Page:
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With the controversy over two of its shows escalating as the fall season gets under way, ABC is refusing to provide advance information about spots running on "Nothing Sacred" and "Ellen" to the leading ad-screening service.

ABC said it is trying to shield advertisers on the shows from pressures such as the threatened boycott by a Catholic group that led to as many as six sponsors pulling out of "Nothing Sacred" last week.

But Advertising Information Services-used by at least two dozen ad agencies and their clients to screen TV shows and get advance information on the commercials appearing in those shows-is pressuring ABC to reverse its decision not to provide commercial information. ABC is allowing AIS to screen the shows in advance.


AIS sent a letter Sept. 19 to agencies stating, "We are contacting you about a recent unilateral decision made by Marv Goldsmith at ABC to cut out program services for two shows. . . . Unless ABC is persuaded otherwise, AIS will no longer be able to check for correctness of commercial as well as position placement and product conflicts." The letter was signed by AIS President Lorraine Antoniello and VP Kevin Eichler.

While not naming names, the letter said some of AIS' agency board members have expressed a "general concern for the demise of services for these two shows as well as the continual refusal of ABC to let us screen 'NYPD Blue' for your clients." Neither Ms. Antoniello nor Mr. Eichler could be reached for comment last week.


Mr. Goldsmith, ABC's president of sales and marketing, confirmed the network policy, but said it is designed to shield advertisers, not to keep information away from them.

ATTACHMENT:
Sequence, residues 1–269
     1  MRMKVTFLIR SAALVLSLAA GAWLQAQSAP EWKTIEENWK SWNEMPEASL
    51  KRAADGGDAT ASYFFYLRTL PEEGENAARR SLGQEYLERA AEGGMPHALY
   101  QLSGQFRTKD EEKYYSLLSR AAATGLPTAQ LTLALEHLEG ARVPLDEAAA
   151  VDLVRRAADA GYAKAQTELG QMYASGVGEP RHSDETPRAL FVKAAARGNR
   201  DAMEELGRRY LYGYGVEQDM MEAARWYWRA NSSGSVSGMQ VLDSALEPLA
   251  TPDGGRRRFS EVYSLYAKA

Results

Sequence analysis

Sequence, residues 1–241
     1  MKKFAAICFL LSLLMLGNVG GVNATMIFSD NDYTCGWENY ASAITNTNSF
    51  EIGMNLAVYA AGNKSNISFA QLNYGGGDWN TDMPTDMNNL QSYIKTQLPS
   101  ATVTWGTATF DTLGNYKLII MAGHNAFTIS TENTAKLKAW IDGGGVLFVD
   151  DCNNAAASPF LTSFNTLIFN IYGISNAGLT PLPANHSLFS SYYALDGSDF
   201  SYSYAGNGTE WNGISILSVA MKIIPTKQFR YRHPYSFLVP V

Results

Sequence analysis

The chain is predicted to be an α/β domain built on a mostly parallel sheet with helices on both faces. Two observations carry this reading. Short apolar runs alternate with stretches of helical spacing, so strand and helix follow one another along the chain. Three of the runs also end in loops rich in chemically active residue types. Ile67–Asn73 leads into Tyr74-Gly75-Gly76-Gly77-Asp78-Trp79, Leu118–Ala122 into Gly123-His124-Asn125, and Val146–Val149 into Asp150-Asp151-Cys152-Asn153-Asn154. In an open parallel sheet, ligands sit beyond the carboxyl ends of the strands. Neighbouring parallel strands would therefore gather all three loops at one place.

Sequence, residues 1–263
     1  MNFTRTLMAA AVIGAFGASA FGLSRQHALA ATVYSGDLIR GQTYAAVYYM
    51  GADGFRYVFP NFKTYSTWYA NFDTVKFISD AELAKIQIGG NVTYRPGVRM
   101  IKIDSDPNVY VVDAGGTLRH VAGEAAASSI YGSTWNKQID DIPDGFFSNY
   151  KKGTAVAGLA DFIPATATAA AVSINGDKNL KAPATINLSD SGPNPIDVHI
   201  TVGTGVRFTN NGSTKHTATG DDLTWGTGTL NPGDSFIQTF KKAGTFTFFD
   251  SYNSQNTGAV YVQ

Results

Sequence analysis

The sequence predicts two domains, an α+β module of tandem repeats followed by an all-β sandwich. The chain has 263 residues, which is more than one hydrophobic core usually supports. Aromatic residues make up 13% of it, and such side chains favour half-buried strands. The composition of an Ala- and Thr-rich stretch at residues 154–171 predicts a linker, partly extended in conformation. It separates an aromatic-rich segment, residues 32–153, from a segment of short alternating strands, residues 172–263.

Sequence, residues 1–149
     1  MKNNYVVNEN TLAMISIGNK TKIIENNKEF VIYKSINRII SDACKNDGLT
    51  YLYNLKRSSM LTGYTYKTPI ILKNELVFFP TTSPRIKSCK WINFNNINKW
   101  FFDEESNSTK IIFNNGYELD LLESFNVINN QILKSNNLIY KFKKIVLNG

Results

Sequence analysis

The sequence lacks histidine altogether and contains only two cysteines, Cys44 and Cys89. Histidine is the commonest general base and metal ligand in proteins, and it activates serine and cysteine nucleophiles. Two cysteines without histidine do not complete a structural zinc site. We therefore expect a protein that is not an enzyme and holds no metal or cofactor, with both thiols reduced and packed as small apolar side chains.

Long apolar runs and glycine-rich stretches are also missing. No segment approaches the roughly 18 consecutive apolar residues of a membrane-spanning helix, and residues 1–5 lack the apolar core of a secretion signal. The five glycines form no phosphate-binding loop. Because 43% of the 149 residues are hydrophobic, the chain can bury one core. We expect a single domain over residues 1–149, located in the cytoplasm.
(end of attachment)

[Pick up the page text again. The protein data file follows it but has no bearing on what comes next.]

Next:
"There is some sensitivity to those shows and we're protecting the advertisers," Mr. Goldsmith said. "We are not making the client list available before the shows air. When they air, everyone can see who the advertisers are."

As for "NYPD Blue," Mr. Goldsmith said, "We have screenings for clients that are in the show."

"NYPD Blue," an acclaimed series that has broken sex, violence and language barriers on broadcast TV, remains controversial; producers of the show are said to be considering airing a scene in an upcoming episode that would shatter another network TV taboo-the showing of female nipples.

"NYPD Blue," "Ellen" and "Nothing Sacred" have been threatened with advertiser boycotts by special-interest groups such as the American Family Association and Catholic League. "Ellen" drew heavy fire last year when the sitcom's lead character revealed she was gay.

"Nothing Sacred," which made its debut Sept. 18, is about a priest who questions church doctrine on such issues as abortion. The show has been a critical success, but ratings so far have been mediocre. The second episode, aired Sept. 25, scored a 4.4 rating with a 7 share.

The Catholic League claimed success last week when American Isuzu Motors and Weight Watchers International pulled out of "Nothing Sacred" after running ads in the first episode. Both companies said they heard consumer complaints after appearing in the show, although a spokesman for Isuzu said the automaker had made no commitments to buy more than one episode of the show anyway.

Red Lobster also confirmed late last week that it had pulled out of the show, and several other advertisers were said to have bailed. Those included Kmart Corp., Benckiser Consumer Products USA and Du Pont Co.

"I think it's extremely unfortunate that [the show's opponents] have been so ready to condemn," said Richard Kramer, executive producer of "Nothing Sacred." "It's unfortunate for both them and for the advertisers because if they would just give it a chance, they would see that every point they find offensive is dealt with."

Reaction to ABC's decision to hold back information from AIS was mixed. "We're considering not buying all three shows until ABC changes its mind," said one

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